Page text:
Older or immunocompromised patients may present with subtle or less typical features which can make diagnosis challenging, e.g. lethargy, weakness, falls, changes in mental status, absence of fever.4, 14

Consider the possibility of alternative diagnoses, e.g. an exacerbation of asthma or COPD, bronchitis, congestive heart failure, gastro-oesophageal reflux disease, lung cancer, pulmonary embolism, tuberculosis.1, 5

Further investigations are not usually required in the community

Laboratory investigations (e.g. FBC, CRP) or microbiological testing is not routinely required in a primary care setting for the investigation of suspected pneumonia in adults.6, 25 Perform a COVID-19 test to exclude SARS-CoV-2 infection.4, 5 Some guidelines (e.g. United Kingdom NICE guidelines, British Thoracic Society guidelines) and regional HealthPathways in New Zealand recommend requesting laboratory testing (e.g. FBC, CRP, creatinine, electrolytes) and considering a sputum sample for culture and microscopy in patients with moderate-to-severe symptoms or signs.25, 26

Referral for a chest X-ray is also not routinely required but may be considered in some clinical situations such as if the diagnosis is unclear or if there is dullness to percussion or other signs of complications, e.g. suspected effusion, consolidation or lung collapse.4, 25

When to refer an adult with suspected pneumonia to hospital

This decision is based on clinical features, including severity of symptoms, and the presence of co-morbidities.6, 26 Suitability for community management can also be guided by using validated pneumonia-specific tools, e.g. the CRB-65, in addition to clinical judgement (see: “Calculating the CRB-65 score for adults”).6, 26 Consider hospital referral for patients with the following (especially in combination):6, 26

  • Age ≥ 65 years
  • Altered mental state (confusion)
  • Relevant co-morbidities, e.g. heart failure, renal or hepatic impairment, frailty
  • Suspected complications, e.g. septicaemia, abscess
  • Respiratory rate ≥ 30 breaths per minute
  • Pulse rate > 125 beats per minute
  • O2 saturation ≤ 92%
  • Systolic blood pressure < 90 mmHg or diastolic blood pressure ≤ 60 mmHg
  • Dehydration
  • Lack of reliable support at home

Management of community-acquired pneumonia in adults

Once a clinical diagnosis of community-acquired pneumonia has been made in an adult, determine suitability for community management.26 Guidelines from NICE (UK), the British Thoracic Society and the American Thoracic Society and Infectious Diseases Society of America (and local HealthPathways) recommend using a validated pneumonia severity score to support clinical findings and judgement (see: “Calculating the CRB-65 score for adults”).6, 25, 26 Consider patient characteristics, e.g. oxygen saturation, hydration status, and co-morbidities along with “gut feeling” when deciding on the appropriate treatment location (see box).26

Oral antibiotic treatment is appropriate for all adults with suspected pneumonia who are managed in the community.5

The first-line antibiotic choice is:28

  • Amoxicillin 1 g, three times daily, for five days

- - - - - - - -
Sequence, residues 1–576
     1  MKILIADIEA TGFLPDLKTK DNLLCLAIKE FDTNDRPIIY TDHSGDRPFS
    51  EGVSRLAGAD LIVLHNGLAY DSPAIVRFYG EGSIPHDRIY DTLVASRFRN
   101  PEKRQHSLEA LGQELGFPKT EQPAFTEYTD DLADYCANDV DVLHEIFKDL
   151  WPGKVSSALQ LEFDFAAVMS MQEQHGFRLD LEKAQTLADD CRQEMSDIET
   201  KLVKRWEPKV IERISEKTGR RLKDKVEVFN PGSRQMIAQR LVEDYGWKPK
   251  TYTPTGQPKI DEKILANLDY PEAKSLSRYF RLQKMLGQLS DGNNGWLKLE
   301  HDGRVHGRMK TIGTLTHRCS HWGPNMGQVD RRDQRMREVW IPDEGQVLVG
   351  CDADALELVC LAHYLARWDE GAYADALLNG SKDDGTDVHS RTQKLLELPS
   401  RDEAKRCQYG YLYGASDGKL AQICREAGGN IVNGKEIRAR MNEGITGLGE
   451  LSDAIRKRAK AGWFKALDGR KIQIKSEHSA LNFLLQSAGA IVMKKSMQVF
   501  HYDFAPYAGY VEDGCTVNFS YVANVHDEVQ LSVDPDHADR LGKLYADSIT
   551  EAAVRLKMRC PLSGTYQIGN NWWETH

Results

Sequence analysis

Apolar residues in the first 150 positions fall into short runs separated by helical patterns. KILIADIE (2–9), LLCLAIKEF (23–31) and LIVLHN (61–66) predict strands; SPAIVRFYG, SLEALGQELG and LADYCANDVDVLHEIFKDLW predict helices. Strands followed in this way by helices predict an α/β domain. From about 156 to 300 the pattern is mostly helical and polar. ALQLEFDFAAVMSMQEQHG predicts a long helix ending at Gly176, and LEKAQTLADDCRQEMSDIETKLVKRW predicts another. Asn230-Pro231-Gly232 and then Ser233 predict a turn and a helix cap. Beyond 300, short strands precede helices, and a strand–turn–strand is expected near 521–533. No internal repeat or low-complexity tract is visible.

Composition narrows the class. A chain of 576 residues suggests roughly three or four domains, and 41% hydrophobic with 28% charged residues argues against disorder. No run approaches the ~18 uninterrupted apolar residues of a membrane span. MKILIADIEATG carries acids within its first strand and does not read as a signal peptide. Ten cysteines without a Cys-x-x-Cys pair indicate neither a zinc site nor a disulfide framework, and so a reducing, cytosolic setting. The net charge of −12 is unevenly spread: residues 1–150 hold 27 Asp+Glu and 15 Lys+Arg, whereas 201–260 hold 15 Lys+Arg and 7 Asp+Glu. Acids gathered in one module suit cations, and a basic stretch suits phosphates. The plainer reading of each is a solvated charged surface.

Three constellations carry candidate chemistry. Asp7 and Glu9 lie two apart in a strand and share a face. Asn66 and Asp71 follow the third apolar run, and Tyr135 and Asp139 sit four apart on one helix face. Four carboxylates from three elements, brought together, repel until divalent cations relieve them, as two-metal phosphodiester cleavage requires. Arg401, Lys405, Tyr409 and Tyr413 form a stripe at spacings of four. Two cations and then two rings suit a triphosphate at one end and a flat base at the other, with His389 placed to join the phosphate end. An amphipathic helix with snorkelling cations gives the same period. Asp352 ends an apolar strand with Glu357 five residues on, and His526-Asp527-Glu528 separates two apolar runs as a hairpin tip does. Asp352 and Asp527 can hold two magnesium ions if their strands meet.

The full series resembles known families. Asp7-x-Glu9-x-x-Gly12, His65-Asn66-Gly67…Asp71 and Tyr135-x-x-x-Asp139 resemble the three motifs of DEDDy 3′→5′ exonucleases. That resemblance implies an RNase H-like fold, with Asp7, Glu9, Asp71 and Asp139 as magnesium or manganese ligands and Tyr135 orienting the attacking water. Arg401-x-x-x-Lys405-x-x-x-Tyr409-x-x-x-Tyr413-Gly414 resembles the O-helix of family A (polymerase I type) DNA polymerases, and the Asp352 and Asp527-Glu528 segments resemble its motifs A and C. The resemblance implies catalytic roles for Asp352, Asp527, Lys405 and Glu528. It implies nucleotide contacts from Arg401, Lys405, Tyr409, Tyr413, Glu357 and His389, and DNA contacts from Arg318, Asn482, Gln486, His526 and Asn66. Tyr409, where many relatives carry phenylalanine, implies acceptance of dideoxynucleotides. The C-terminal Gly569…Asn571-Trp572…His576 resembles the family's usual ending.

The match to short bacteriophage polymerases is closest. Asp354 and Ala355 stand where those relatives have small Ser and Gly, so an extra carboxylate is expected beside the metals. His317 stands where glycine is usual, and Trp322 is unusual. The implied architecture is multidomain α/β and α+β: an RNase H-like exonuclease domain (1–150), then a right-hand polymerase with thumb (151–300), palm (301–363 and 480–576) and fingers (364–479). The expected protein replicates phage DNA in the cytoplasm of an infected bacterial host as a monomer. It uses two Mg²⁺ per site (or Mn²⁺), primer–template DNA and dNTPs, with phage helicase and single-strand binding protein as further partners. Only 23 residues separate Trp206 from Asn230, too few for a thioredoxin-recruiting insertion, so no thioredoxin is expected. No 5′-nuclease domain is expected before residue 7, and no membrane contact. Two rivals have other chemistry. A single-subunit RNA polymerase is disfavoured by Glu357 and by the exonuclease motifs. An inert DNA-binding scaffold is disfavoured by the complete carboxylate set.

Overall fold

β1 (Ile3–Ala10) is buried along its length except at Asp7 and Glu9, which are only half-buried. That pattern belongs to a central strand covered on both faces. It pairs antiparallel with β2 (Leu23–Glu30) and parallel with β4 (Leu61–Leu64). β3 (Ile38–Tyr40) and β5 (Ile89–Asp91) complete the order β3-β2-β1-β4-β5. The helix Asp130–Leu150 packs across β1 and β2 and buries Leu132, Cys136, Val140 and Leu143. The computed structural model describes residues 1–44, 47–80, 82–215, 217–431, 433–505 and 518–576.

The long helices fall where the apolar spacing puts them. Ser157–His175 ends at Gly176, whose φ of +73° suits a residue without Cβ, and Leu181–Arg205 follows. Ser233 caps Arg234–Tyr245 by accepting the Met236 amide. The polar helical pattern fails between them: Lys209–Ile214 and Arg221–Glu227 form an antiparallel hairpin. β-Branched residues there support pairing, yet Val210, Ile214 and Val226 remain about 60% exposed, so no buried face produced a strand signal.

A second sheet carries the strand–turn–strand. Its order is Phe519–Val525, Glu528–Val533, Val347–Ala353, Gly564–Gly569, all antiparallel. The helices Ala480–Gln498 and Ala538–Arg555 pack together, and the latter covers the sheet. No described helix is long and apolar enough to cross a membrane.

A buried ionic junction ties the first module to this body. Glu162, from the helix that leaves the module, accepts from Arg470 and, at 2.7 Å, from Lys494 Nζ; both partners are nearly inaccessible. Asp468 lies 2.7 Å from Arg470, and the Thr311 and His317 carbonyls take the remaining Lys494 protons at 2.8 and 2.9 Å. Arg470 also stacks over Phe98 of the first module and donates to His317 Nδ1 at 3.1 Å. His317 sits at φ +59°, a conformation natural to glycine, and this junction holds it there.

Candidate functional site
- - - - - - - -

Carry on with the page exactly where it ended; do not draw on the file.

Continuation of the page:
Practice point. Lower doses of amoxicillin (e.g. 500 mg, three times daily) may have previously been standard practice but they are now regarded as inadequate by experts, as the pneumococcal minimum inhibitory concentration to penicillin is increasing, i.e. to overcome increasing resistance, higher doses of amoxicillin are required. However, based on clinical judgement there may still be some patients for whom 500 mg, three times daily, is an appropriate dose.

A suitable alternative to amoxicillin for patients with severe penicillin allergy (e.g. anaphylaxis) is doxycycline 200 mg, twice daily on day one, followed by 100 mg, twice daily, on days two to five.28 For patients with mild penicillin allergy (e.g. rash), cefalexin, 1 g, three times daily, for five days, can be prescribed.

For patients with more severe symptoms (but who are still suitable for community management), or who have not improved after 48 hours of initial antibiotic treatment, consider combination treatment with amoxicillin (1 g, three times daily, for five days) PLUS a macrolide (e.g. azithromycin, 500 mg, once daily, for three days; or roxithromycin, 300 mg, once daily, for five days) as this will also cover other possible causes of pneumonia, e.g. Legionella.

Patients with certain causes of pneumonia require a longer antibiotic treatment duration or an alternative antibiotic (see: “Causes of pneumonia that do not typically respond to empiric antibiotic treatment”); discuss a pathogen-specific regimen with an infectious diseases physician or clinical microbiologist.

Advise patients to drink adequate fluids and to take paracetamol or ibuprofen as required, e.g. for chest pain, sore throat.4, 25

For information on cough medicines and alternative treatments/remediesHowever, based on clinical for acute cough associated with a viral upper respiratory tract infection, see:

For information on the management of other symptoms associated with respiratory tract infections, see: and

Follow-up after treatment

Arrange a follow-up review within a few days of starting antibiotics (either in person or via phone) to monitor treatment progress, or advise the patient to make contact if they are not improving.4, 25 Patients who do not show improvement within 48 – 72 hours of starting antibiotic treatment, or who clinically deteriorate, should have their antibiotic choice reassessed (e.g. add a macrolide after taking a sputum sample for microbiological testing) and severity of illness reviewed to determine ongoing suitability for community management.4, 25 Consider referral for a chest X-ray in patients who have not responded adequately after a course of antibiotics and there were chest signs on examination.